I was reading a recently published article in the New Yorker, by Jerome Groopman, about those who hear voices. The article questions why some people hear voices, and when such voices might become a problem. I found the article interesting. The article builds upon the concept of self-talk and the fact that most of us talk to ourselves, some more subtly, and others more intensely. In our thoughts, we are talking to someone, either to our spouses, our bosses, our friends, or even God. Some of us clearly hear the other party talk back to us, leading us to maintain a dialogue. And that is when the rest of us become suspicious!
The question that continues to be debated is whether one could consider unusual thoughts, or hearing voices pathological. If you went to a psychiatrist today and said you were hearing voices, before you could take your coat off, the psychiatrist would be writing a prescription for a psychiatric drug to silence the voices. Without hesitation, biological psychiatry, considers many biblical experiences of prophetic visions or inspirations pathological. After all, they claim, a “normal” brain cannot function that way. But is that true? What is “normal”?
John Mirowsky, of the University of Illinois, explains that psychotic symptoms are exaggerations and distortions of normal functions. He conducted a study on 463 people in El Paso, Texas, to evaluate their thought processes. He found out that most people in the community had experiences that might be deemed symptoms of “schizophrenia,” yet none of these individuals were ever diagnosed as mentally ill.
The New Yorker article refers to Charles Fernyhough, a British professor of psychology at Durham University, in England, who studies such “inner speech.” Apparently Fernyhough “identifies himself as a voluble self-speaker, relating an incident where, in a crowded train on the London Underground, he suddenly became self-conscious at having just laughed out loud at a nonsensical sentence that was playing in his mind. He goes through life hearing a wide variety of voices: “My ‘voices’ often have accent and pitch; they are private and only audible to me, and yet they frequently sound like real people.”
The article continues to explain: “Fernyhough has based his research on the hunch that talking to ourselves and hearing voices—phenomena that he sees as related—are not mere quirks, and that they have a deeper function.”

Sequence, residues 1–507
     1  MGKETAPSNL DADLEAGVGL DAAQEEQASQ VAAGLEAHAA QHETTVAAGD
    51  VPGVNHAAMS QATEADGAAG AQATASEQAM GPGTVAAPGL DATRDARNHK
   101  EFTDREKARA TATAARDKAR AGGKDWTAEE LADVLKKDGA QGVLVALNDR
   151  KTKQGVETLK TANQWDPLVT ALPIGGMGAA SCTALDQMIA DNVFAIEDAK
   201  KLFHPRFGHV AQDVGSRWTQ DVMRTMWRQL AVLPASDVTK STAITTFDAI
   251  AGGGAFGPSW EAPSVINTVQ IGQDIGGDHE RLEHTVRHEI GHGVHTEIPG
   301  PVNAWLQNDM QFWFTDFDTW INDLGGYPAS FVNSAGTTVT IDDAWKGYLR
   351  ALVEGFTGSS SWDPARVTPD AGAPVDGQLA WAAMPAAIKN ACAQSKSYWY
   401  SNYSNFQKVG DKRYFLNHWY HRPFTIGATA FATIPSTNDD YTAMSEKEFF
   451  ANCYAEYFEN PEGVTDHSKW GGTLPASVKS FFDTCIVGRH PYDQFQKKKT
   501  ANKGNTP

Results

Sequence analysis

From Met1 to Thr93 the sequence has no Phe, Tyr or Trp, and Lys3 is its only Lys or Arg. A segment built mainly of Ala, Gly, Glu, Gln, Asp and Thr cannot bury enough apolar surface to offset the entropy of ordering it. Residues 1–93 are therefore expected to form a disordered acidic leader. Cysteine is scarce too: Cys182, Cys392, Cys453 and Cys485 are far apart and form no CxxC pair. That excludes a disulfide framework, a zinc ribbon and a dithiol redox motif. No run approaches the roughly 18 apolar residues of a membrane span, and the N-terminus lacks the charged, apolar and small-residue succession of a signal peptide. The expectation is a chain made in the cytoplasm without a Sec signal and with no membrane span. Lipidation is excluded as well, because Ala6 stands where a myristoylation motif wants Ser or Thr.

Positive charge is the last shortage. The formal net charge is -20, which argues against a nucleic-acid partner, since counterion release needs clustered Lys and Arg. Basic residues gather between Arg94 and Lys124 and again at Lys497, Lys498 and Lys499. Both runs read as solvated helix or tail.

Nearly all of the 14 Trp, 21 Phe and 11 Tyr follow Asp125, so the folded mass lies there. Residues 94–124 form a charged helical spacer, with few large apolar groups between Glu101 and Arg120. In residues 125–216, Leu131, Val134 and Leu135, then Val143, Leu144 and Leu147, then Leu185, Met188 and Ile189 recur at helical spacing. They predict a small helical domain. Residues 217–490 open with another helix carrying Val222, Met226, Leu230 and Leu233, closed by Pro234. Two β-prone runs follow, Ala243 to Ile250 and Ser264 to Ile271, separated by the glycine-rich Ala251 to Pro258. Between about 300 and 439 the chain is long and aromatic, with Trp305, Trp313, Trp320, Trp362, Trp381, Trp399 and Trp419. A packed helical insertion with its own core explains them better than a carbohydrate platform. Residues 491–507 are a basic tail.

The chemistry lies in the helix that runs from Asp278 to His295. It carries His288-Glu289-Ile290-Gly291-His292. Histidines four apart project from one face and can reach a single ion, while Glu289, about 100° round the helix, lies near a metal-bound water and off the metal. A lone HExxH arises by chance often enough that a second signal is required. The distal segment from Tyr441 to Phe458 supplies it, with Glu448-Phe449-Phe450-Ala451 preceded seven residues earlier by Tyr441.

Fernyhough tries to capture the effect of self-talk inside the fMRI machine. The action can only show the effect on the brain, but cannot provide a deeper understanding of what the experience is about. The images, whilst arguably telling us where in the brain such phenomenon is experienced, do little to inform us of what causes them to begin with. To reduce such encounters to their neuroanatomical explanation is missing the deeper function of the phenomenon. “This hard truth harks back to William James, who concluded that such “introspective analysis” was like “trying to turn up the gas quickly enough to see how the darkness looks.”
It seems like when the battle between right and wrong, truth and deception, and light and darkness takes off, the voices intensify. Fernyhough writes that “his most elaborate inner conversations occur when he is dealing with an ethical dilemma.”
One of the key points of debate is whether the voices are from within or without. Many have a hard time believing that any forces from outside could talk to us, so they conclude that it is all in one’s head and a byproduct of inner speech.
I believe in the spiritual realm, because God is Spirit (John 4:24). We are all under positive and negative spiritual influences. The topic is vast and complex to be addressed in this space. I have tackled the subject in great depth in my book.
Moreover, with my own eyes I have witnessed phenomena in my own journey with my daughter’s madness that are not explicable by science. At least not yet!
The history of the church is filled with mystics with supernatural experiences. One of the most famous characters is Teresa of Avila, the famous sixteenth-century Spanish mystic, who suffered from a variety of illnesses and serious mental anguish all her life. “Cohen, who translated her autobiography, refers to her as a “hysterically unbalanced woman, who…was entirely transformed by profound experiences.” She was haunted by persistent hideous visions and experienced hearing inner voices. At times, she was lifted into the air to her own consternation and the amazement of those around her. Additionally, she suffered from physical pain, vomiting, heart-spasms, cramps, and partial paralysis. She was considered by most of her contemporaries to be either insane or possessed by the devil, and yet her “insanity” transformed her into one of the heroes of the Catholic Church. She combined the religious life with one of great public service in the later years of her life.”